Deadly Earthquake Traveled At ‘Supersonic’ Speeds – Why That Matters

When the earthquake struck on September 28, 2018, Indonesia’s Sulawesi island flowed like water. Currents of mud swallowed anything in their paths, sweeping away entire sections of the city of Palu and crosscutting the region’s neat patchwork of crop fields. Minutes after the shaking began, locals were caught unaware by a wall of water that crashed onshore with devastating results.

As the sun set that evening, thousands were missing. Within days, the smell of corpses permeated the air. The 7.5-magnitude event was 2018’s deadliest quake, killing more than 2,000 people.

In the efforts to understand how this fatal series of events clicked into place, much attention has focused on the surprise tsunami. But a pair of new studies, published February 4 in Nature Geoscience, tackles another remarkable aspect: The earthquake itself was likely an unusual and incredibly fast breed of temblor known as supershear.

The Palu quake cracked through the earth at nearly 9,200 miles an hour—fast enough to get from LA to New York City in a mere 16 minutes. Such a fast rupture causes earthquake waves to pile up in what’s known as a Mach front, similar to the pressure wave from a plane traveling at supersonic speed. This concentrated cone of waves can amplify the quake’s destructive power.

“It’s like a sonic boom in an earthquake,” says Wendy Bohon, an earthquake geologist at the Incorporated Research Institutions for Seismology (IRIS).

While it’s not yet possible to say for sure if the supershear speed intensified the Indonesia quake’s landslides, liquefaction, or tsunami, the pair of new studies does offer a rare look at this little-understood and potentially deadly phenomenon.

“We have observed only a handful of supershear earthquakes, and even fewer with this level of detail,” says seismologist Jean-Paul Ampuero of the Université Côte d’Azur in France, a coauthor of one of the studies.

“This is going to tell us something fundamental about the way the Earth works,” says Bohon, who was not involved in either study. “And it has the potential to actually save lives and help us inform people in a better way.”

Unzipping the Earth
During an earthquake, the entire length of a fracture doesn’t break all at once. Rather, it unzips the planet’s surface at a rate known as the rupture speed.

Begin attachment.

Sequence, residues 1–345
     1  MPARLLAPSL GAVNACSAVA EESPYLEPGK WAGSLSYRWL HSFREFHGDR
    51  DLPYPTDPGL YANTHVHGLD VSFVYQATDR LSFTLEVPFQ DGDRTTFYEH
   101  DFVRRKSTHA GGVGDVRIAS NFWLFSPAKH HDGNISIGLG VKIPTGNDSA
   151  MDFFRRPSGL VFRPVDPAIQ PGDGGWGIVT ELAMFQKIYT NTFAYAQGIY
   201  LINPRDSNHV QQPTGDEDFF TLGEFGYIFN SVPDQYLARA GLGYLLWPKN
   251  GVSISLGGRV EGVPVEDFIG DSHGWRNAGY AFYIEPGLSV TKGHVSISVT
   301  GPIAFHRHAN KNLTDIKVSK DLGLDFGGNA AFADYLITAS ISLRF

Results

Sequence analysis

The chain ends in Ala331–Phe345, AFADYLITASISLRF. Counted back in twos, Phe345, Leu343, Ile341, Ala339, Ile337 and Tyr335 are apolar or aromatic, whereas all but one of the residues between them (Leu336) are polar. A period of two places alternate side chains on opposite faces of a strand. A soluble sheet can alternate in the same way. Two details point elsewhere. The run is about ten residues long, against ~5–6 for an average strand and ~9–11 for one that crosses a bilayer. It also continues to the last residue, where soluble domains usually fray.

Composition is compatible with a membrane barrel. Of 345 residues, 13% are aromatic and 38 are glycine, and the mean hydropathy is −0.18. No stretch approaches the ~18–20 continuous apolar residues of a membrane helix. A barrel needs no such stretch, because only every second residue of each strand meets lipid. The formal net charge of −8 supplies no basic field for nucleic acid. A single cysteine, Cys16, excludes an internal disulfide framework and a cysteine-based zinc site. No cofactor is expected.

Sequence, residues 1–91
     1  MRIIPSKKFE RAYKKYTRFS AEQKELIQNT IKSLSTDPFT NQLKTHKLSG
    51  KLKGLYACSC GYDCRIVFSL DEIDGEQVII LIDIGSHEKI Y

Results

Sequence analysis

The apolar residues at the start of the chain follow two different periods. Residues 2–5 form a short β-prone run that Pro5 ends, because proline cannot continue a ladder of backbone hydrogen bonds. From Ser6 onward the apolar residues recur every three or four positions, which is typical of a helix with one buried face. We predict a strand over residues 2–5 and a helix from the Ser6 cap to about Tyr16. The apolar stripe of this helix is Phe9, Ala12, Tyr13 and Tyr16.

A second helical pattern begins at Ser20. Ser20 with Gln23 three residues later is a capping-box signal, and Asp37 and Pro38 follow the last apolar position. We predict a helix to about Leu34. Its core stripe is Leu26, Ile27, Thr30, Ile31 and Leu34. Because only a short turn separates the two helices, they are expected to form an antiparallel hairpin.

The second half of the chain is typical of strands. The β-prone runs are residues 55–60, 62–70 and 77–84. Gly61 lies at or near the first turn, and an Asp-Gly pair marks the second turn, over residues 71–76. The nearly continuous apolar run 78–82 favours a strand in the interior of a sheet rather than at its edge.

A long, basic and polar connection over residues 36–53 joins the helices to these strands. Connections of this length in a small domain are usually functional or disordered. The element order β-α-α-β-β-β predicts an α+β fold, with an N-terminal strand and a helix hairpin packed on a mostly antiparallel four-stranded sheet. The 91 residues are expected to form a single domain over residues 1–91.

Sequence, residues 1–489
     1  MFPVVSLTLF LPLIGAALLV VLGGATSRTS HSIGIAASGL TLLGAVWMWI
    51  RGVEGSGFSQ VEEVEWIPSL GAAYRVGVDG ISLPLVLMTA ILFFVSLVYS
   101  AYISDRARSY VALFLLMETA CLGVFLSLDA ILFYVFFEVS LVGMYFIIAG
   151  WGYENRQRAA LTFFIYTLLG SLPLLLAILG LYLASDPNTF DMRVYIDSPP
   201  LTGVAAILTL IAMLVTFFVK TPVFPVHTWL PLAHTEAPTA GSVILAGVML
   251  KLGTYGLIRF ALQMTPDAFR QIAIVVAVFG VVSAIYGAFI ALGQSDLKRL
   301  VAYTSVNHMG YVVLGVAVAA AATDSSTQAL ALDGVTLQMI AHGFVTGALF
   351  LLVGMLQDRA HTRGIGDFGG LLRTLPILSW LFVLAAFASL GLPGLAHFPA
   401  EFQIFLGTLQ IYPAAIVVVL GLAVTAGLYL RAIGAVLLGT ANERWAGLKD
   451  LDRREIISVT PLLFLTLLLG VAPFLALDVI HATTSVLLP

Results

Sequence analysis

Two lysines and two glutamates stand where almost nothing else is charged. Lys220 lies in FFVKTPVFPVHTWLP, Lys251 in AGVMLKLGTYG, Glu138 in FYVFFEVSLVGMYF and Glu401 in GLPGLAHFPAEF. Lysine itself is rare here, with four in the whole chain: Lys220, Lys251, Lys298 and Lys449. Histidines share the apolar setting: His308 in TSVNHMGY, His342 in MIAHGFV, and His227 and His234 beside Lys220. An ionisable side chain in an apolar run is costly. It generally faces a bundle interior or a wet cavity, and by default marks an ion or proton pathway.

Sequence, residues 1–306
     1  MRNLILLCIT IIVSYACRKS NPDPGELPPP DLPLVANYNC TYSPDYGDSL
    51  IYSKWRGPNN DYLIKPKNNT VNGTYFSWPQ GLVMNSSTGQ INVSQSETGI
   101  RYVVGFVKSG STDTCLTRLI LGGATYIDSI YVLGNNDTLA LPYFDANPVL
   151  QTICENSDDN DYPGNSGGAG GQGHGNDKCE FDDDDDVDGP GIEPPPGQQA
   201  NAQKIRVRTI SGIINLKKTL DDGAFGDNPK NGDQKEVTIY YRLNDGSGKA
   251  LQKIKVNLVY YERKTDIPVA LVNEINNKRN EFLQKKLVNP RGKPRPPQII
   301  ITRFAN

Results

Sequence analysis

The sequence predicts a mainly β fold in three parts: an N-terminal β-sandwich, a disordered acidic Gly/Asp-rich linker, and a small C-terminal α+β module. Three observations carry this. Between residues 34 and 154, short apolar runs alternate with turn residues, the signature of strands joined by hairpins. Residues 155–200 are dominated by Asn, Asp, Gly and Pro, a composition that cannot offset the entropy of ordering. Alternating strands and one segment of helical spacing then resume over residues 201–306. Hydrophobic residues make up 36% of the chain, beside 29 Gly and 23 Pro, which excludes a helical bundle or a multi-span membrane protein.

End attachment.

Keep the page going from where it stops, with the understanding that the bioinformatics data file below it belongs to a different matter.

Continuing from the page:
Stephen Hicks, a seismologist at the University of Southampton, explains the phenomenon by grabbing a colorful flier sitting on a table at the American Geophysical Union Fall Meeting in Washington, D.C. He makes a tiny tear on one side, and says: “Imagine that’s your nucleation,” or the start of a rupture on a fault. The rupture speed is how fast that point moves through time, he says, and with a sharp jerk, he rips the flier in two.

It’s this speed that caught geologists’ attention with the Indonesia event. To take a closer look, Ampuero and his colleagues harnessed the power of the growing global network of seismic stations, which detect the echoes of earthquakes from hundreds of miles away. From that network, they collected data from 51 locations across Australia.

By studying the arrival of earthquake waves at each station, the team recreated the racing rupture. It’s similar to how your brain figures out where a sound is coming from, Ampuero explains. If someone is talking to you from the right, the noise arrives at your right ear a fraction of a second before your left. Your brain then uses that delay to locate the speaker.

“What we’re doing is the same, [but] instead of using only two ears we’re using hundreds of ears,” he says. “Each ear is one seismometer on the ground.”

This revealed that the temblor broke so fast that the rupture speed overtook a type of radiating waves known as shear waves, thus the term “supershear.” Over roughly 36 seconds, the quake cracked southward through some 93 miles of Earth’s surface.

“That is the ground breaking that fast, which is pretty amazing,” marvels Hicks, who wasn’t involved in the research.

Earthquake superhighway

A second team took a closer look at changes to the surface after the temblor ripped through, using data and imaging from satellites before and after the event.

“We were immediately struck by the sharpness of the rupture at the surface south of the city of Palu and by the great amount of displacement in this area,” study coauthor Anne Socquet, of the Université Grenoble Alpes in France, writes in an email.


Magnetic north just changed. Here’s what that means.

This analysis suggests that the land largely shifted horizontally, and that the change was massive: The ground offset by 16.4 feet at its maximum point south of Palu City. The shift was so large, it was easily seen in images of the region post-quake. Roads were offset; buildings seemingly cut in two.

“This is definitely huge for a [magnitude] 7.5 earthquake,” Socquet says. “And this is likely enhanced by the fact that this earthquake was supershear.” It didn’t happen just at the surface, either, but also as deep as roughly three miles underground.

In the southern stretches of the fault, an important feature behind this rapid speed and the deep shift is what Socquet calls its “maturity.” Tectonics have tested this break time and time again, continually shoving the blocks of Earth side by side and carving the fault into a fairly continuous, smooth, straight break—features previously associated with other examples of super-fast ruptures.